Authors: Kathryn Ledebur (AIN) and Coletta A. Youngers (WOLA).
Commentary.- For the fifth year in a row, the UN Office on Drugs and Crime (UNODC) has reported a decline in the area under coca cultivation in the Plurinational State of Bolivia. Between 2010 and 2014, the country achieved a remarkable 34 percent net reduction in the area under coca cultivation. UNODC estimated 20,400 hectares of coca in Bolivia in 2014.
To read this paper please click here: Commentary Bolivia’s Historic Drop in Coca Cultivation Holds Steady
El Centro de Investigaciones Sociales (CIS) de la Vicepresidencia tiene el agrado de invitar a usted a la presentación oficial del libro “Habeas Coca – Control Social de la Coca en Bolivia”, de las investigadoras Kathryn Ledebur y Linda Farthing. Comentan Marisabel Villagomez y Loreta Tellería.
El evento tendrá lugar en la sala de Videoconferencias “Juana Azurduy” de la Vicepresidencia del Estado. C. Ayacucho y Mercado # 308, este jueves 3 de marzo a las 19.00 Hrs.
Diego Garcia-Devis’ comments on Linda Farthing and Kathryn Ledebur’s recent article ‘Habeas Coca‘ are republished here under a Creative Commons license authorising non-commercial reproduction. The original can be found here.
Bolivia’s Smarter Approach to Controlling Coca ProductionForced crop eradication using harmful pesticides and without viable livelihood alternatives has put the health and economies of local communities at risk and caused forced displacement.
On May 14, 2015, the government of Colombia announced that it would stop using glyphosate in the aerial fumigation of coca crops. The herbicide was being used as part of a 20-year-old supply-reduction tactic backed technically and financially by the United States. Colombia’s decision followed on the heels of a report published by the International Agency for Research on Cancer and issued by the World Health Organization that labeled glyphosate as a potential carcinogenic herbicide.
AIN comments on “Peru may resume shooting down suspected coke -smuggling planes” in Sunday’s Los Angeles Times.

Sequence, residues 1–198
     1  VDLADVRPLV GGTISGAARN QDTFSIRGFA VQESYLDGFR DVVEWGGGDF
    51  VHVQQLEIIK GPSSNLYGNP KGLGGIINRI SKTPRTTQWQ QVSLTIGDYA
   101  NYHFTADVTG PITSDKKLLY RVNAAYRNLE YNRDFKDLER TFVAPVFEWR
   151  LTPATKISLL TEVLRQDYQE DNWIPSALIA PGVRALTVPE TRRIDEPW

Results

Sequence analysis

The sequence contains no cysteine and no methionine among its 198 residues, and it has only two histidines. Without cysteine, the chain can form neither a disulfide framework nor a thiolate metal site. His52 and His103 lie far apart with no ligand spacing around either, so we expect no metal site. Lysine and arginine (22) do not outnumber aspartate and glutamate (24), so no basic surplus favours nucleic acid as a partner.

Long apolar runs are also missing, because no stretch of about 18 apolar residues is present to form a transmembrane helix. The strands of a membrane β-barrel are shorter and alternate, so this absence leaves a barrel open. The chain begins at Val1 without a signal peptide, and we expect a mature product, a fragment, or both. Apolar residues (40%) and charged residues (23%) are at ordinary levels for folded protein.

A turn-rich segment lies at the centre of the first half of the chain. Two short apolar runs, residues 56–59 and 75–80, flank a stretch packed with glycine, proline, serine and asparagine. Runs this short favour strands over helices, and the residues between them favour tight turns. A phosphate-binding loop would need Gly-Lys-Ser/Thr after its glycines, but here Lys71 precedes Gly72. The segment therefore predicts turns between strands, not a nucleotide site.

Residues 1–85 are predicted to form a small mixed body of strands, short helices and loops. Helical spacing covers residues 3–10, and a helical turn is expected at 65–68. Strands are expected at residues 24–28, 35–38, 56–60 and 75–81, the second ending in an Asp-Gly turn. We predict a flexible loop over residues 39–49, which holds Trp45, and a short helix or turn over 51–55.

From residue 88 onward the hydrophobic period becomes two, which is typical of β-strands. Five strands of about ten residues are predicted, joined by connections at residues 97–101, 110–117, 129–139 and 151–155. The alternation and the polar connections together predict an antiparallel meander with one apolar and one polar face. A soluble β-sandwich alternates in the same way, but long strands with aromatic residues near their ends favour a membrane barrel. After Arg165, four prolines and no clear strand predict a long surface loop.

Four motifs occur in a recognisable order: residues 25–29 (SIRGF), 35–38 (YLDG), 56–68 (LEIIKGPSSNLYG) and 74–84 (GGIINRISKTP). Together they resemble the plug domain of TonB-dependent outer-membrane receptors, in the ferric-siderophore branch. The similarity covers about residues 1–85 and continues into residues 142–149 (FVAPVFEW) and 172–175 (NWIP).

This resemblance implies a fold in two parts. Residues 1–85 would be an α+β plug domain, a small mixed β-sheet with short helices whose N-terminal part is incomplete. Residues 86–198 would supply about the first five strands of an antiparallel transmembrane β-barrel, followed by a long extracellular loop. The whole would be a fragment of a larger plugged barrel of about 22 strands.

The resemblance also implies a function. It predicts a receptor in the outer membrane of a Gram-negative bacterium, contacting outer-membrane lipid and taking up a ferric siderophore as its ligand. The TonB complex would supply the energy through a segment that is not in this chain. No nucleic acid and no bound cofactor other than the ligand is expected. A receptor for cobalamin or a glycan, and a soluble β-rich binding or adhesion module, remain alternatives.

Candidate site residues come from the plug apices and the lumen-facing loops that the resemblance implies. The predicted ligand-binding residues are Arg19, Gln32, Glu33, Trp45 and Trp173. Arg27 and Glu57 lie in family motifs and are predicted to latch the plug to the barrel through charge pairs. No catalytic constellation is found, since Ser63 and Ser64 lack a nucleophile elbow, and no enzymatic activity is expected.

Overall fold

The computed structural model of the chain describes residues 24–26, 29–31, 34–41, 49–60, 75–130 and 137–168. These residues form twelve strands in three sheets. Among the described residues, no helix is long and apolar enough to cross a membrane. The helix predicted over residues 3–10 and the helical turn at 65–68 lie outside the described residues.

On April 26th, the Los Angeles Times published an article criticizing Bolivia’s role as an ‘air bridge’ facilitating the passage of cocaine between producers in Peru and consumers in Brazil and beyond. The article included extended commentary from Peruvian and Chilean sources and a number of accusations leveled at the Bolivian authorities, without giving them any opportunity to respond.
As the presidential campaigns gain momentum, AIN outlines the political and social landscape in Bolivia to provide background to understand upcoming electoral debates.
President Evo Morales is running for a third term in the October 12, 2014 elections. Critics argue he is not eligible to run for another consecutive term, but the Plurinational Constitutional Tribunal ruled in his favor, and the opposition across the political spectrum lacks a strong, unifying candidate. Four candidates have formally registered to run against Morales.
Tenemos el agrado de anunciar el más reciente número de NACLA (Congreso Norteamericano sobre Latino América) en el que Linda Farthing, una inveterada colaboradora de Red Andina de Información (RAI), hizo de editora invitada. El número se llama Reimaginando la Política de Lucha Contra las Drogas en las Américas e incluye artículos acerca de la actual política de la coca en Bolivia, escritos por la directora de RAI, Kathryn Ledebur, y Linda Farthing, así como por Tom Grisaffi, colaborador de la RAI.
We are pleased to announce the latest issue of NACLA (North American Congress on Latin America) that AIN long-time collaborator Linda Farthing guest edited. The issue is called Reimagining Drug Policy in the Americas and includes articles about current coca policy in Bolvia written by AIN director Kathryn Ledebur and Linda Farthing, and by AIN collaborator Tom Grisaffi.
It also has articles about changes in drug policy in the Americas from Vancouver to Montevideo, as well as the current dimensions of the situation throughout the Americas. It’s available at https://nacla.org/edition/